Treatment of familial hypercholesterolaemia: A controlled trial of the effects of pravastatin or cholestyramine therapy on lipoprotein and apoliprotein levels

O. Wiklung, B. Angelin, G. Fager, M. Eriksson, S. O. Olofsson, Lars Berglund, T. Linden, A. Sjoberg, G. Bondjers

Research output: Contribution to journalArticle

40 Scopus citations

Abstract

The efficacy and safety of a new, selective inhibitor of cholesterol synthesis, pravastatin, and the bile acid-binding resin, cholestyramine, were compared in a randomized, double-blind study of 120 patients with familial hypercholesterolaemia. After a run-in period of 8-10 weeks with assessment of dietary habits, the patients were treated with pravastatin + placebo, placebo + cholestyramine, or placebo alone. Active pravastatin therapy was initiated with 10 mg b.i.d. for 6 weeks, and was increased to 20 mg b.i.d. for the following 6 weeks. Cholestyramine was given at 24 g d-1, or the highest tolerable dose. After 6 weeks of therapy, serum total and LDL cholesterol levels were reduced by 17% and 21%, respectively, on pravastatin treatment, whereas the corresponding reductions with cholestyramine treatment were 24% and 30%, respectively. With an increased dose of pravastatin, serum and LDL cholesterol concentrations were reduced by 23% and 28%, respectively, after 12 weeks; the effect of cholestyramine was unchanged. HDL cholesterol levels increased in response to pravastatin, by 7% and 9% after 6 and 12 weeks, respectively. Concomitant changes in the concentrations of apolipoproteins B and AI were observed. Three patients discontinued the study because of side-effects: two subjects were treated with pravastatin and one was given placebo. The prevalence of side-effects (including laboratory abnormalities) was 35% for pravastatin, 30% for placebo, and 53% (significantly higher) for cholestyramine. We conclude that pravastatin, in a 40 mg daily dose, is as effective as cholestyramine in lowering LDL cholesterol in familial hypercholesterolaemia. Since the frequency of side-effects is higher with cholestyramine pravastatin offers a promising alternative for the therapy of this genetic disease.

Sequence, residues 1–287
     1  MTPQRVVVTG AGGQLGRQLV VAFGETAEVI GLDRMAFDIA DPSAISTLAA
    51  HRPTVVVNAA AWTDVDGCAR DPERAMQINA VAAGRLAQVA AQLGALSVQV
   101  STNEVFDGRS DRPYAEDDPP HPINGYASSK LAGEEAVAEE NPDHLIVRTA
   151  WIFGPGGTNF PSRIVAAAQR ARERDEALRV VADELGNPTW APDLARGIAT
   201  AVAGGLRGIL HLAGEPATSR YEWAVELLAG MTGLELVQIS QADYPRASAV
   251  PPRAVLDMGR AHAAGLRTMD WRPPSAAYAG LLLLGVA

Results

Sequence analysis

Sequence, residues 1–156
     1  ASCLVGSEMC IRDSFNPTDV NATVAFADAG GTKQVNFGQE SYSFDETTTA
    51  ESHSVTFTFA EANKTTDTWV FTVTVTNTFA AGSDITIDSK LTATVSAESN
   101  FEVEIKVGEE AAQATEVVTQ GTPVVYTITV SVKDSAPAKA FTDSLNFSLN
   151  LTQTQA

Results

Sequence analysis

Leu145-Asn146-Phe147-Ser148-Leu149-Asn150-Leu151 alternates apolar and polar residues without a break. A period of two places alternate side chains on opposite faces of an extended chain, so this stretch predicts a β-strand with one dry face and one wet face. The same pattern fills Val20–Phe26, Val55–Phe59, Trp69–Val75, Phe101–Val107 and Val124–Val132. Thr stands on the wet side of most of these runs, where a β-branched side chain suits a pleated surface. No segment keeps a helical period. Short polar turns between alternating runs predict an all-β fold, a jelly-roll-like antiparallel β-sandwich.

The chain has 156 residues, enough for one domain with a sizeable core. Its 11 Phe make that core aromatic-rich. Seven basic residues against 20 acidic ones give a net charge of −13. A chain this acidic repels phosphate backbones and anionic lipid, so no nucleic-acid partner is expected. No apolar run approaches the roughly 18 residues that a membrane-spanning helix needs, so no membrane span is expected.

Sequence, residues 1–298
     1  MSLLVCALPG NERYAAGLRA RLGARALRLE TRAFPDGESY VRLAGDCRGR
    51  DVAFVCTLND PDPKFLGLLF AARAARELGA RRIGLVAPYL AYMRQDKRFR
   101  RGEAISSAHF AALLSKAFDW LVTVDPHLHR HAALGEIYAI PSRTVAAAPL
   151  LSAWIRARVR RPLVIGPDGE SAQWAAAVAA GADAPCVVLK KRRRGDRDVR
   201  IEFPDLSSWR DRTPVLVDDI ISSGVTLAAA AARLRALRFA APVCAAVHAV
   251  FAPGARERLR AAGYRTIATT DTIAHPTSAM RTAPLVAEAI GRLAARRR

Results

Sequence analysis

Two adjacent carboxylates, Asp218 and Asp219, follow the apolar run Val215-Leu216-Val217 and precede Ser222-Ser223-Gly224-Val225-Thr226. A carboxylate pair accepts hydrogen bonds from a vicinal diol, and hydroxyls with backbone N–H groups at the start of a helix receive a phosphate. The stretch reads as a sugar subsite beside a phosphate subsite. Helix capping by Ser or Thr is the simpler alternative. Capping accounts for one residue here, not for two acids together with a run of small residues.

Original languageEnglish (US)
Pages (from-to)241-247
Number of pages7
JournalJournal of Internal Medicine
Volume228
Issue number3
StatePublished - 1990
Externally publishedYes

Keywords

  • apolipoproteins
  • cholesterol
  • cholestyramine
  • familial hypercholesterolaemia
  • HMG-CoA reductase inhibitors
  • lipoproteins
  • pravastatin

ASJC Scopus subject areas

  • Internal Medicine

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  • Cite this

    Wiklung, O., Angelin, B., Fager, G., Eriksson, M., Olofsson, S. O., Berglund, L., Linden, T., Sjoberg, A., & Bondjers, G. (1990). Treatment of familial hypercholesterolaemia: A controlled trial of the effects of pravastatin or cholestyramine therapy on lipoprotein and apoliprotein levels. Journal of Internal Medicine, 228(3), 241-247.